Hundreds volunteer to build community mosaic in Minneapolis Kingfield neighborhood


Kingfield neighborhood’s new community mosaic involves not only hundreds of pieces of glass, but hundreds of hands. While too many cooks may spoil the broth, the efforts of more than 270 volunteers mean that there will be a wonderful new art piece for Dr. Rev. Martin Luther King, Jr. Park and they generate a spirit of collaboration, camaraderie, and ownership among all who have helped.

FULL DISCLOSURE: The author of this article is the director of the Southwest Senior Center.

Volunteers of America-Minnesota’s Southwest Senior Center and Kingfield Neighborhood Association are partnering to create 10 mosaic panels (for a total of 160 square feet) that will be installed on an exterior wall at King Park. The images on the ten panels are artistic interpretations of traditional textile patterns from cultural communities that use the park. Sharra Frank, the lead artist on the Bryant Avenue Bike Mosaic, is heading up the project. “The goal of the Mosaic Quilting Project is to demonstrate, through visual art, the diversity of cultures in our community and celebrate their shared public space at Rev. Dr. Martin Luther King Jr. Park,” said Sarah Linnes-Robinson, Executive Director of the Kingfield Neighborhood Association.

So far, a dozen workshops have taken place at Volunteers of America-MN’s Southwest Senior Center, King Park, Sabathani Senior Center, Ramsey Middle School and Park Elder Center. The workshops have drawn large crowds of people ranging in age from two to ninety-seven, with one workshop at King Park drawing more than eighty-five people. In spite of the large groups, participants quickly become engaged, placing each piece of glass in a good spot. While working on the mosaic, people have the chance to meet their tablemates and learn and experiment together.

King Park Workshop shows many generations working on the project. That was the day that 85 people worked on the project.

A group of dedicated lead volunteers help orient newcomers to the project and give them instruction on how to correctly place and glue all of the glass pieces. “It’s amazing that we can have so many people work on a project of this scale without sacrificing quality. I really think that they have done a fantastic job,” said Frank.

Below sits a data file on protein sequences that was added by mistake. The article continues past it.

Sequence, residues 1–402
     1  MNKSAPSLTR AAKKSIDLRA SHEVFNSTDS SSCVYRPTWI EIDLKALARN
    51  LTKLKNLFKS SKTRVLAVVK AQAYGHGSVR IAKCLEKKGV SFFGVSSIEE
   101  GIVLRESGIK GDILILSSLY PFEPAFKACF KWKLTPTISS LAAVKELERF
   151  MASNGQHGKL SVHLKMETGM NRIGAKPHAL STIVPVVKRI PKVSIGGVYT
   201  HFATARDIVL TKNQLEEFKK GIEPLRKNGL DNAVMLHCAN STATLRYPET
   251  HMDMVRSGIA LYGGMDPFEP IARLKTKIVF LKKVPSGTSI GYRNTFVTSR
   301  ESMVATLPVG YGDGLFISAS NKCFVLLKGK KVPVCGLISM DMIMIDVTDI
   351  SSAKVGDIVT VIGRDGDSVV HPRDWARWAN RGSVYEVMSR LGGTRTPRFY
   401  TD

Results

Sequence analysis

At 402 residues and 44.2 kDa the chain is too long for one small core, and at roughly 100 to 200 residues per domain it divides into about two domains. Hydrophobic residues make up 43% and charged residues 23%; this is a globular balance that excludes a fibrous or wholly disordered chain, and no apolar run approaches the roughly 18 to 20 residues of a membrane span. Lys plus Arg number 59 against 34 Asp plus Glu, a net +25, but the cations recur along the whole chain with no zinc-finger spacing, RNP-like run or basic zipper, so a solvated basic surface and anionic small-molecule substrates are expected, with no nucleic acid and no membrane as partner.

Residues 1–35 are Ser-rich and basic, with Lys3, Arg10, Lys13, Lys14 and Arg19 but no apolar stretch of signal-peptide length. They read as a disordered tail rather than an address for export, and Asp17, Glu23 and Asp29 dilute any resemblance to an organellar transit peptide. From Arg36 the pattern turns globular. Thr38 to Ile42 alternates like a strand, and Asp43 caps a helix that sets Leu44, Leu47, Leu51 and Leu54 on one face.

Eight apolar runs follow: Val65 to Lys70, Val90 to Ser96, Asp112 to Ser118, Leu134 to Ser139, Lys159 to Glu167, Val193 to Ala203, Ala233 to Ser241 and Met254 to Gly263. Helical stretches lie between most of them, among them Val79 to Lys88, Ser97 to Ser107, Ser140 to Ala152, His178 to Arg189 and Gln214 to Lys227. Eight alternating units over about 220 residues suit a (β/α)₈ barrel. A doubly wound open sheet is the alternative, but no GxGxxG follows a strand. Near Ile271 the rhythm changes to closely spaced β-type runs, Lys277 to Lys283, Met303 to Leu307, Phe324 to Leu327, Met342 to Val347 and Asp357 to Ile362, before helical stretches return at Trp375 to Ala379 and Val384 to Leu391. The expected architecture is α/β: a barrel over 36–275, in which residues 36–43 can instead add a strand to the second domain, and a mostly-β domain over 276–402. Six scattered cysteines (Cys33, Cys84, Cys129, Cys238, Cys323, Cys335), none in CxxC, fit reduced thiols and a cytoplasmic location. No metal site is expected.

The Hmong Pattern shows one of our participants at Park Elder Center helping with the Hmong Pattern.

One unique aspect of this year’s mosaic project is the involvement of multiple senior centers including Southwest, Sabathani, Park Elder Center, Hmong Elder Connection and Centro. “Research shows that seniors benefit from being involved in high level art projects and this project has the added benefit of bringing many cultures and all the generations together,” said Laura Campbell, the adult day manager at Southwest Senior Center.

The Crazy Quilt is one of 10 4’X4′ panels representing traditional textiles from different cultures.

About 60 percent of the panels have been completed, so there are still opportunities for people to volunteer. A January 17 workshop will bring together all of the senior groups and a January 26 workshop at King Park at 1 pm is open to the public. For more information, contact Mary Ann at 612-822-3194 or

The project is funded by the voters of Minneapolis through grants from the Metropolitan Regional Arts Council, thanks to a legislative appropriation from the arts and cultural heritage fund, and by a grant from the City of Minneapolis Graffiti Prevention Program.

About Southwest Senior Center

Southwest Senior Center, a program of Volunteers of America-Minnesota, serves the neighboring Minneapolis community through a wide variety of programs, services and volunteer opportunities that support the health and independence of older adults. Southwest’s programs include an adult day program, social work services, senior dining, health and nutrition programs, exercise classes, and numerous health, education, cultural and arts offerings. The Center has facilitated two previous community mosaic projects with funding from the City of Minneapolis Graffiti Prevention Program.

Bryant Avenue Mosaic – this is the mosaic that our artist Sharra Frank designed in 2011.